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Return policy at Trader Joe's

Hated the recent flavor of Joe Joes? Just return them! That’s right, even after trying something, you can actually return it if you found it unbearable. Trader Joe’s will happily take it back and give you a refund.

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Combos Locos deals at H-E-B

Do you get coupons for H-E-B? If not, well, you should. H-E-B offers a coupon deal called Combos Locos where, when buying two items together, you get discounted prices. For example, a deal could include a bag of salad with a free bottle of dressing! Keep an eye out for deals on their website. Here are more sneaky ways to find great deals online.

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Bargain bins at Aldi

Nope, these bargain bins actually aren’t a rip off (like some bargain bins turn out to be). You are going to want to take advantage of the incredible deals at Aldi’s bargain bin because the low prices will actually knock your socks off.

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B1G1 and B2G3 sales at Harris Teeter

Buy-one-get-one deals, or even buy-two-get-three deals, are always a draw for people trying to buy bulk at a grocery store, But what make’s Harris Teeter special is the secret behind those deals. Instead of offering one item full price and another completely free, the items just ring up as half off. So if you only need one pound of meat and don’t have room in your freezer for another, that meat will still ring up as 50 percent off! Plus, try making these healthy food swaps that can actually save you money.

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Fuel Saver + Perks program at Hy-Vee

Loved the fuel saver program through Hy-Vee? Well, their new-and-improved program is going to have you jumping out of your seat. With this new membership, you can save big using digital deals and coupons target specifically for your shopping list, receive surprise savings, and even get the chance to win rewards! Some of those include kitchen makeovers, vacation packages and even a new car.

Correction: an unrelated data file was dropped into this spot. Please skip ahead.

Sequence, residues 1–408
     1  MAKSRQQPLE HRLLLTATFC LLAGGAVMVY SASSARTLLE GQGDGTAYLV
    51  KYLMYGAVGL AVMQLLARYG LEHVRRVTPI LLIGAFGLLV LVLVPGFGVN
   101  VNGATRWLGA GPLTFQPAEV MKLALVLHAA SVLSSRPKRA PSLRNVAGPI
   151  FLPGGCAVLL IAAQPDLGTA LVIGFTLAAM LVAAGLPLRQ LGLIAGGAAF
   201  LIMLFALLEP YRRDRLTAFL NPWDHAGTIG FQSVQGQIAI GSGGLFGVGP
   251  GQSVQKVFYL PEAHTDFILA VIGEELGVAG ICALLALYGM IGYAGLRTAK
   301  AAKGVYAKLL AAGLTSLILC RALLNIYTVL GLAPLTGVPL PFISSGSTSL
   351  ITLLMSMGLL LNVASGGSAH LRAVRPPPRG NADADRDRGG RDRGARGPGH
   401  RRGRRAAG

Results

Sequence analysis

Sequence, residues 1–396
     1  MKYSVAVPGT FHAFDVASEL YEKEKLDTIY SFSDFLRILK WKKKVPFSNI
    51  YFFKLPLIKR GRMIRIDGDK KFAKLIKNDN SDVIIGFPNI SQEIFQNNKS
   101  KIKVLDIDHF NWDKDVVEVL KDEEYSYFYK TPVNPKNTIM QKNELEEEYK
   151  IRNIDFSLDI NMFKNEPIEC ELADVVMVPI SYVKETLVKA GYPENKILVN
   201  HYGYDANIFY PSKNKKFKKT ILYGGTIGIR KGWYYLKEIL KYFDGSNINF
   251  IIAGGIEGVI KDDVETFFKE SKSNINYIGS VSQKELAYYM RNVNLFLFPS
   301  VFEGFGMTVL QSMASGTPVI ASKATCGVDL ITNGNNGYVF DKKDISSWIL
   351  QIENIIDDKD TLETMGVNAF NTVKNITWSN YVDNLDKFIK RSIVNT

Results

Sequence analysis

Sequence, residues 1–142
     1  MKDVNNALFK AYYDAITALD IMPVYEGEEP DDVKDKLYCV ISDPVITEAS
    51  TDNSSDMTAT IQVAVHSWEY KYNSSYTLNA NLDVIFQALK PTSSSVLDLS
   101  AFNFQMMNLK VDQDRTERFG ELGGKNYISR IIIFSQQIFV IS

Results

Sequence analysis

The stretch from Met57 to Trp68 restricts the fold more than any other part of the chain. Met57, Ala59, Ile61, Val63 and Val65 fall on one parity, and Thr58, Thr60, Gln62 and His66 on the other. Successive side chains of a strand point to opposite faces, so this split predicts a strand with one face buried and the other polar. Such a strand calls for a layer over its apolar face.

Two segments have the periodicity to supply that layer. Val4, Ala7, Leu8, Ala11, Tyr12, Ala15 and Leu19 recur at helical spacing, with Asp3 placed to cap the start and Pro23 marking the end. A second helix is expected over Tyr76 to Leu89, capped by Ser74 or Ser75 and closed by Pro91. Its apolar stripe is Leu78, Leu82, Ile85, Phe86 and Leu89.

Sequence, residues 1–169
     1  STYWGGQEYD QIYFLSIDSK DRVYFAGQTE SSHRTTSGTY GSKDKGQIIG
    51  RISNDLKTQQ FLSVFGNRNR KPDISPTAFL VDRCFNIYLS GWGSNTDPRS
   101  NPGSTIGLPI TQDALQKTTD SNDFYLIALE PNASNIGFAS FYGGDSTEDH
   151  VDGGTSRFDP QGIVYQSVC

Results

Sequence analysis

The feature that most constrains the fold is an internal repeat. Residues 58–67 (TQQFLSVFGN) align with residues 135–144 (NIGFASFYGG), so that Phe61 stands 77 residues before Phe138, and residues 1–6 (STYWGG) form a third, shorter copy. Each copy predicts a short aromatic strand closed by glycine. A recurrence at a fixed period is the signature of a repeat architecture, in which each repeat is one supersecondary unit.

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The back of the store at Costco

That’s right—the back of the store is where you’re going to find all of the deals. By working your way forward, you are finding the best bang for your buck. Make sure to walk through “center court” (the savings aisles in the center of the store) and to avoid the front at all costs. The front is known as “action alley” and will rarely give you the type of deals that you crave. Check out these money-saving things you can do at Costco without a membership.

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The jobs at WinCo

Not only are WinCo deals even cheaper than Walmart most of the time, they also offer incredible employee benefits. Like being a part-owner of the store, for example. If you work at WinCo for over 500 hours in the first six months and 1,000 hours in a year, you are eligible for the Employee Stock Ownership program. They also offer incredible benefits including retirement savings and insurance.

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The app from Whole Foods